The study examines two major policy intervention scenarios and compares their impacts on these parameters against a reference scenario (REF). The latter assumes that current trends will continue into the future and does not take into account recently adopted policy measures. The With Existing Measures scenario (WEM) takes into account plans and policy measures adopted through to 2020. A third scenario – With Additional Measures (WAM) – also takes into account the impacts of additional mitigation actions that are feasible for the country.
Compared to the reference scenario, both of these scenarios promise to deliver large reductions in air pollutant emissions and improved energy security as well as equity.
Air pollutants: Possible reduction of approximately 70 per cent
For example, under the WEM scenario emissions of seven different air pollutants would be reduced by at least 40 per cent by 2050. Under the WAM scenario, this reduction would increase to about 70 per cent or more. Reductions in air pollutants, including short-lived climate-forcing pollutants (SLCPs) such as soot and methane, would provide additional benefits from avoided adverse health outcomes and crop yield losses, along with reduced impacts on glacier melting and climate.
Energy security would also improve as the share of renewables in the country increases while energy imports decrease. This would translate into a decrease in the imported fuel cost to GDP ratio.
The study examined whether net-zero GHG emissions strategies – in this case in Nepal – can also deliver additional benefits. These co-benefits, such as improved health outcomes and energy security, must also be considered in the development and implementation of decarbonization options, the authors argue. Doing so would help to address various constraints relating to the competitiveness, acceptability, and sustainability of low-carbon options.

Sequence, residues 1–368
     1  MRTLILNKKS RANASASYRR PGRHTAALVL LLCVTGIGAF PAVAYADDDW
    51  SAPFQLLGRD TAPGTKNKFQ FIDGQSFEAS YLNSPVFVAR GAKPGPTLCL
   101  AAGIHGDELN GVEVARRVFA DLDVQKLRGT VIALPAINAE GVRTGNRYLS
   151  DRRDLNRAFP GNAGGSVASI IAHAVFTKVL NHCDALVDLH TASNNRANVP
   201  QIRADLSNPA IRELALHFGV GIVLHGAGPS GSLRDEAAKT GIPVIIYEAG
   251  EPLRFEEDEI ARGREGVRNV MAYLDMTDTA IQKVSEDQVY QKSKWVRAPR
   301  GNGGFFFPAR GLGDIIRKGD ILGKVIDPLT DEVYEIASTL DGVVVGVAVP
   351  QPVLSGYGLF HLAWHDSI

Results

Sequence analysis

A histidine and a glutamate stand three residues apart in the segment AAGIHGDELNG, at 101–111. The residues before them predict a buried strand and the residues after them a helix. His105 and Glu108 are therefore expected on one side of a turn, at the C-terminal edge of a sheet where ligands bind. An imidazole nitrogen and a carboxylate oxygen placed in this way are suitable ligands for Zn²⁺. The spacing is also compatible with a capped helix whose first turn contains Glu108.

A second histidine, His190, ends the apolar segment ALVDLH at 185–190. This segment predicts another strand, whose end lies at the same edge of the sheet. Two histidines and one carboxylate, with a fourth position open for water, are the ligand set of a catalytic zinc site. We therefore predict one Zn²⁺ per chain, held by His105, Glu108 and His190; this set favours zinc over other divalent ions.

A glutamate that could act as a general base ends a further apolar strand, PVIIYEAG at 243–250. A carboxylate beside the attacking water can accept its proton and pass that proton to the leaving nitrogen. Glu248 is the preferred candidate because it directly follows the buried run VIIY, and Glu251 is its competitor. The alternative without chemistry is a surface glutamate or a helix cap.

The findings of this study will provide valuable guidance for decision-makers during the evaluation of existing and future policy options with respect to investment decisions, the prioritization of research and development needs, and the promotion of societal change in the pursuit of sustainable development pathways. Further studies could be undertaken to quantify, for example, the benefits for human health or the effects on agricultural yields of reductions in environmental emissions as Nepal treads its net-zero pathway.
Shakya, S. R., Nakarmi, A. M., Prajapati, A., Pradhan, B. B., Rajbhandari, U. S., Rupakheti, M., & Lawrence, M. G.: Environmental, energy security, and energy equity (3E) benefits of net-zero emission strategy in a developing country: A case study of Nepal. Energy Reports, 9, 2359-2371. doi:10.1016/j.egyr.2023.01.055
Method of Research
Environmental, energy security, and energy equity (3E) benefits of net-zero emission strategy in a developing country: A case study of Nepal. Energy reports